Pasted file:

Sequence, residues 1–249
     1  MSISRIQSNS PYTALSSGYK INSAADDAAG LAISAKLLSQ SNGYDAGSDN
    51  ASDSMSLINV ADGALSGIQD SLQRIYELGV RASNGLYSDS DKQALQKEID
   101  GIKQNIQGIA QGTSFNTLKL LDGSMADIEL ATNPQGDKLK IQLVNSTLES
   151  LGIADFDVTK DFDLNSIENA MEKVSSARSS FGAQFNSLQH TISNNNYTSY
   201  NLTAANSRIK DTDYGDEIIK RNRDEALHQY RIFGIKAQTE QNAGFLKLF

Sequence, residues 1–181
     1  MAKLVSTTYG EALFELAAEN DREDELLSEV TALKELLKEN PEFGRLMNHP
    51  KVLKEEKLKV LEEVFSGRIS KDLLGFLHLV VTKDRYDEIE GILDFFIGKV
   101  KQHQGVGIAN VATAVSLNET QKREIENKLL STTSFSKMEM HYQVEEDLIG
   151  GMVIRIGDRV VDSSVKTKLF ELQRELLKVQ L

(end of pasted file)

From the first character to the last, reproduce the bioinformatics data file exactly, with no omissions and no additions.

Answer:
Sequence, residues 1–249
     1  MSISRIQSNS PYTALSSGYK INSAADDAAG LAISAKLLSQ SNGYDAGSDN
    51  ASDSMSLINV ADGALSGIQD SLQRIYELGV RASNGLYSDS DKQALQKEID
   101  GIKQNIQGIA QGTSFNTLKL LDGSMADIEL ATNPQGDKLK IQLVNSTLES
   151  LGIADFDVTK DFDLNSIENA MEKVSSARSS FGAQFNSLQH TISNNNYTSY
   201  NLTAANSRIK DTDYGDEIIK RNRDEALHQY RIFGIKAQTE QNAGFLKLF

Sequence, residues 1–181
     1  MAKLVSTTYG EALFELAAEN DREDELLSEV TALKELLKEN PEFGRLMNHP
    51  KVLKEEKLKV LEEVFSGRIS KDLLGFLHLV VTKDRYDEIE GILDFFIGKV
   101  KQHQGVGIAN VATAVSLNET QKREIENKLL STTSFSKMEM HYQVEEDLIG
   151  GMVIRIGDRV VDSSVKTKLF ELQRELLKVQ L